Beyond this narrow perspective, Häberle sees further common ground. He contends that Europe, taken in a wider sense, displays six distinct elements of a common legal culture, forming the basis of a common identity (p. 628): (1) 2500 years of historical and legal development, based on the philosophical and legal traditions of ancient Greece, Rome and the contributions of Judaism and Christianity; (2) scholarship and legal doctrine, particularly influenced through the reception of Roman Law in the Middle Ages; (3) judicial independence, as an integral part of a doctrine on the Separation of Powers, the right to a fair hearing, and the principles of effective legal protection and due process; (4) the religious and ideological neutrality of the state, expressed through religious freedom, albeit with differing modi operandorum across Europe; (5) diversity and unity, in the sense of a plurality of national legal systems, for instance between the Romanic countries and Great Britain; (6) claims to universality of certain elements, such as human rights and possibly also the Rechtsstaatsprinzip. These six elements may culminate, according to Häberle, in the development of a “common European constitutional law”, particularly through the work of the European Courts in Luxemburg and Strasbourg (p. 630).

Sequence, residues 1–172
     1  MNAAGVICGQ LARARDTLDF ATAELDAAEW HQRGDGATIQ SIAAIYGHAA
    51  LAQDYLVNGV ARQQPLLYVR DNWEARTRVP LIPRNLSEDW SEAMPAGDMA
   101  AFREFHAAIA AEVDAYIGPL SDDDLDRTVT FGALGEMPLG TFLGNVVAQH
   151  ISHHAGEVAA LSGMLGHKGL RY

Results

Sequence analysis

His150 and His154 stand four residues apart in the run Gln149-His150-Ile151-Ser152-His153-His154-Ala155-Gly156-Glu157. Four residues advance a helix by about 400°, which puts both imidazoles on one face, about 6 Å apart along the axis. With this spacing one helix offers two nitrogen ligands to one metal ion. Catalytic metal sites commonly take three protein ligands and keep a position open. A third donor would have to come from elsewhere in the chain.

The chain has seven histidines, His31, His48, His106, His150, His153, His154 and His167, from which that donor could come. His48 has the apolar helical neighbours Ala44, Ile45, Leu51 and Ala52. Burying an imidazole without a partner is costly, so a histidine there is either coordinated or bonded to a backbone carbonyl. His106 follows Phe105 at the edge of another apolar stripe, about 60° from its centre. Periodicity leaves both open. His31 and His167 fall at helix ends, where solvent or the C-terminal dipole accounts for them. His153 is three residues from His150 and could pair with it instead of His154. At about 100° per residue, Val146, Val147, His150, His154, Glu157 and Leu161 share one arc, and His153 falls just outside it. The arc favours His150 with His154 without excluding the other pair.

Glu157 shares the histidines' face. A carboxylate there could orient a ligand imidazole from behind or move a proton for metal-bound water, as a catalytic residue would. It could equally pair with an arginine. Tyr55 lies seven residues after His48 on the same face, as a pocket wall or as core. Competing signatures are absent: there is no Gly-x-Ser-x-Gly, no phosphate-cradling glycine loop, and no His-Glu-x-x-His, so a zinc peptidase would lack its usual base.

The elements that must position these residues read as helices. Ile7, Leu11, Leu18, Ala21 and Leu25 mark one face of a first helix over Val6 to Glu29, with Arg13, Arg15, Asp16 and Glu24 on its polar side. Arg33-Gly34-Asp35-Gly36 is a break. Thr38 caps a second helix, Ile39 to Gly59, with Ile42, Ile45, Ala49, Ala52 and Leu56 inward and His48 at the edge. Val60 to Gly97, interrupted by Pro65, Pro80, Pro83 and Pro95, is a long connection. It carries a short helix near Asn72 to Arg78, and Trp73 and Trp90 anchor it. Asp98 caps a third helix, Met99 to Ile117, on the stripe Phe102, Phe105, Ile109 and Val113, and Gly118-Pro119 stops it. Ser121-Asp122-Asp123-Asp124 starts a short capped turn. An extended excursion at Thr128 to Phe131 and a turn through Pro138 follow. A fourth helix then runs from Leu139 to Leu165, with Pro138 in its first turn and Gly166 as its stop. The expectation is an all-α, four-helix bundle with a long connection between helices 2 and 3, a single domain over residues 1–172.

The inclusion of the Rechtsstaatsprinzip is curious, as the concept originated in German constitutional law. It is often translated into English as Rule of Law, and undoubtedly shares some core elements with this principle, but arguably goes beyond this in the German context. Omitting some detail, the Rechtstaatsprinzip has been refined by the Federal Constitutional Court to encompass five central features: (1) General Respect for Fundamental Rights by all branches of Government, preventing infringements of the essence of these rights or removing them from the jurisdiction of independent courts; (2) Separation of Powers, which requires a system of mutual control and dependence, complemented by the federal structure of the German state, which requires a vertical separation between municipalities, Länder, and the Federal level; (3) Equality before the Law, which excludes arbitrary decisions and a blurring of the separation between executive and legislative action, for instance through individually targeted laws and excessive use of subordinate legislation such as ordinances; (4) Reservation of the Law (“Vorbehalt des Gesetzes”), which states that infringements of freedoms and rights of citizens require a prior, formal legal basis. This, along with the associated duty of administrative authorities to strictly comply with the law, effectively excludes administrative discretion without a legal basis. (5) Finally, Proportionality assessments of any state action.